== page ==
I am a non-binary transgender person who has experienced extensive discrimination in my personal and professional life. Every year for seven years I was subjected to at least one major act of dicrimination that left me homeless, led to unemployment, and created barriers to accessing health care. Furthermore, I was the first openly transgender person at my university of Emporia State, in Kansas. From the moment I came out, until very recently, I was often the sole source of information about what it meant to be transgender, along with how to respect those whose gender did not match the assumptions made for them at their birth.
These experiences have driven me to prioritize the education that I wish to do in order to create a world where people like me, and those from vastly different backgrounds from my own, can all be safe and confident in their existence and their story. Thus, as a queer eductator I focus on building skills that enable us to welcome each other, long before we are able to understand what is being shared.
For example, when I was in high school, I didn't know what the word "gay" meant. I was raised in a convservative Evangelical Christian family, and those topics were never discussed. At the same time I was also a misfit and an outcast in my high school, who tended to draw those who were hurting to me because I was kind and open. Thus when a friend came out to me as gay, I was supportive. I told him that I was glad he had confided in me, that I still thought he was an awesome person, and that I was happy to be his friend. What I didn't say, was that I was terrified that he would realize that I had no idea what he had just said.
I tell this story in my workshops to illustrate the ways in which I was able to be there for my friend with no knowledge, and also to highlight my mistakes. Sixteen year old me was too scared to ask the questions that could have led to deeper understanding. I feared the vulnerability, and that made it impossible for us to grow closer. Yet even from that fear, I was able to be present, to affirm my friends experience of himself, and to care. I was able to do this without any training in gender theory, without understanding that sexuality existed beyond a thing to be feared. This openness is a skill that can be learned without a graduate degree in gender theory, or understanding all the labels that currently in use.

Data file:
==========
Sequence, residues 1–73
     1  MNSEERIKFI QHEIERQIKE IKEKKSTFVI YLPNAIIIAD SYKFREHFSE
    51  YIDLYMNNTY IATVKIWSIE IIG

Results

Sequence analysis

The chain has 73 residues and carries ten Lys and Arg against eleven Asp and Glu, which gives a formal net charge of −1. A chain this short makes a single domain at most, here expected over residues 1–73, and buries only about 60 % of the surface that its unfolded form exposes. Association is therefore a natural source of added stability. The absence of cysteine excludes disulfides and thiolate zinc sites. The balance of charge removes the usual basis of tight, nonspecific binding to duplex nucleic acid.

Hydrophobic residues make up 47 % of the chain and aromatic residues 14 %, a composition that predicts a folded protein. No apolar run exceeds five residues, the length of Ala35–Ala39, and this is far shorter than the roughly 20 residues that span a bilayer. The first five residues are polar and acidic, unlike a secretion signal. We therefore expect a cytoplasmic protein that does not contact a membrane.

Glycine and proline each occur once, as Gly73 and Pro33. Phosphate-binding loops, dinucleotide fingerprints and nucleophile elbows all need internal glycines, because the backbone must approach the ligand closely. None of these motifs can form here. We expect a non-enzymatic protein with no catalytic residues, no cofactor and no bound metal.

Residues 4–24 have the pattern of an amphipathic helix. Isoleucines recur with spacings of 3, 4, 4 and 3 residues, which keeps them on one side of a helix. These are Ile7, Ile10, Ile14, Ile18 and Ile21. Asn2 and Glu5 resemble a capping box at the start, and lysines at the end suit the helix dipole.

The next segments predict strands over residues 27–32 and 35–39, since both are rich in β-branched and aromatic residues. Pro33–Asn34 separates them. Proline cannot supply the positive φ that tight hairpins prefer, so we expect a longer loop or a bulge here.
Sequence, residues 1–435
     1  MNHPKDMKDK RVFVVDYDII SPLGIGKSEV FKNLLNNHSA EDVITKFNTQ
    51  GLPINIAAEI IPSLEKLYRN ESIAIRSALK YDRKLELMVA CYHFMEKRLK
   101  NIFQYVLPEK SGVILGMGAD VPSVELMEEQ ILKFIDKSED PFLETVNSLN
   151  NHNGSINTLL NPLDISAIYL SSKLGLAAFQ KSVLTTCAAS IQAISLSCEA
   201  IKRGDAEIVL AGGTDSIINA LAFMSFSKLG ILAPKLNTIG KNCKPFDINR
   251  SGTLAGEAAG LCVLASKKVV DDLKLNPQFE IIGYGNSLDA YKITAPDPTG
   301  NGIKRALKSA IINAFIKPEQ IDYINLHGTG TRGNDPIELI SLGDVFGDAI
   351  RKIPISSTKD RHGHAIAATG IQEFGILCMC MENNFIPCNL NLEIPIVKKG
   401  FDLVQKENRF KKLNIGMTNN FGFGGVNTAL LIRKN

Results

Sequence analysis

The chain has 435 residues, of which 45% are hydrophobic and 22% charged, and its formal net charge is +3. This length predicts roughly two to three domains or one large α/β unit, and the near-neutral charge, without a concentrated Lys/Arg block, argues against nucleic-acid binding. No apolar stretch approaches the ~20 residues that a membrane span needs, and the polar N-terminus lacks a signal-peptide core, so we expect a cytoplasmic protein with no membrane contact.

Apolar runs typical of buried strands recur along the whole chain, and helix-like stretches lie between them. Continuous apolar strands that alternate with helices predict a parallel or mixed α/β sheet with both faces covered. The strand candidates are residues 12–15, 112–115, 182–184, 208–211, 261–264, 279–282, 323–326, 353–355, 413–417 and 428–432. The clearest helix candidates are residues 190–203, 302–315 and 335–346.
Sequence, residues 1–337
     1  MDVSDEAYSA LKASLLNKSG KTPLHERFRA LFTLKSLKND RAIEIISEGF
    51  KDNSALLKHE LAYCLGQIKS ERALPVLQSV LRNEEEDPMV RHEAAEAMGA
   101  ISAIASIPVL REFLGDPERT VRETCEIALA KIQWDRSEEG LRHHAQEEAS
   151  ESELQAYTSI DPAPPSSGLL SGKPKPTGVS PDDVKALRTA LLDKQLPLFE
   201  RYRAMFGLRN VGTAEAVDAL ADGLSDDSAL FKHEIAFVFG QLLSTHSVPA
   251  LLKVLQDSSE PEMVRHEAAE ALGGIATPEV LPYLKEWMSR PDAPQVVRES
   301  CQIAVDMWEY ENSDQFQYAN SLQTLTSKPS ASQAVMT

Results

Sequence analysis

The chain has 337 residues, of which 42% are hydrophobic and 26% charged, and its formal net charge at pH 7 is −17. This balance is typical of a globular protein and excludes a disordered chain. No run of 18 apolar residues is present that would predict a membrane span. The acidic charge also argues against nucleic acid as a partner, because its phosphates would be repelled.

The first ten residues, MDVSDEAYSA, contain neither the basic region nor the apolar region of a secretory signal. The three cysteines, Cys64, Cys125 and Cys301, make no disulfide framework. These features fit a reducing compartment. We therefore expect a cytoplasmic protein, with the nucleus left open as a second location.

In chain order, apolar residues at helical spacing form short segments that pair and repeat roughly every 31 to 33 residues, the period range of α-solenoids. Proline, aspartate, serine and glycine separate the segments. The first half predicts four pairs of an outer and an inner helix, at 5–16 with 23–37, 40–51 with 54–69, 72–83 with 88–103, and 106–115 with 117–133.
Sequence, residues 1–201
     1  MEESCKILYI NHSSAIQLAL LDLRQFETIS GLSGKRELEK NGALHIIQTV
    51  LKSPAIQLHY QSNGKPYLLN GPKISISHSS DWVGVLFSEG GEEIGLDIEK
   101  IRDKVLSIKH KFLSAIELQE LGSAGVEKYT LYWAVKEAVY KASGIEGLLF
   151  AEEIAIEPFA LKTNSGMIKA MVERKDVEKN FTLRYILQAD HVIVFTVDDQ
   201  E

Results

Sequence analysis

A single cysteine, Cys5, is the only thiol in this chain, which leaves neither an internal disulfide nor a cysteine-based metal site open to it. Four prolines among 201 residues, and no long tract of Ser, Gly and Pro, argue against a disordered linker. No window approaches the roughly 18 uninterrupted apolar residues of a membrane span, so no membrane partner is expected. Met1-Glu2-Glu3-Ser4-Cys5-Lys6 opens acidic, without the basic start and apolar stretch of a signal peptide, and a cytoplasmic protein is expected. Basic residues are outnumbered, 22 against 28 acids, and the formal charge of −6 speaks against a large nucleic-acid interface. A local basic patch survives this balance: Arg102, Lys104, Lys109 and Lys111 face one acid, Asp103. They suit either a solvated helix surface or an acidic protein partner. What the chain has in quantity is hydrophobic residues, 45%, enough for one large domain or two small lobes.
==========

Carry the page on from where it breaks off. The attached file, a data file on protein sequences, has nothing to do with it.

It is a skill that I gained gradually, despite the seeds present in high school. My own unfolding from ignorant and isolated teen, to suicidal adult, to confident mentor in the LGBTQIA+, kink, and asexual communities happened over time. I grew because those around me asked questions that challenged my assumptions, they were there for me as I sounded out new realities, and found new beliefs that were closer to my deepest values. Instead of spewing information, they offered it gently, and built a space for me to play with it. These experiences set the foundation for how I motivate people to engage in their own learning about power and privilege.
I have found that to motivate people to change, I need to start with a question, and an invitation. I need to know who they are and where they come from. I need to take the time to learn the language they speak, and to find ways to translate myself into their words. This isn't a diminishing of myself, for I also take time in my own communities to celebrate the richness of words, pictures and feelings that encompass my complexities. Rather, this translation comes from a place of kindness and compassion. Of recognizing that change can be terrifying and intimidating, especially when we feel blamed for not encountering it before. Furthermore it requires a vulnerability, a willingness to be seen. I've found that growth happens when people are safe enough to be mutually vulnerable, and to collaborate on building a language that celebrates all of their experiences. So in my workshops there is more space for conversation then lecture, more room for questions than answers, and space to find in ourselves the motivation to heal our families, communities, and our world.
Copyright © Ari Leigh 2019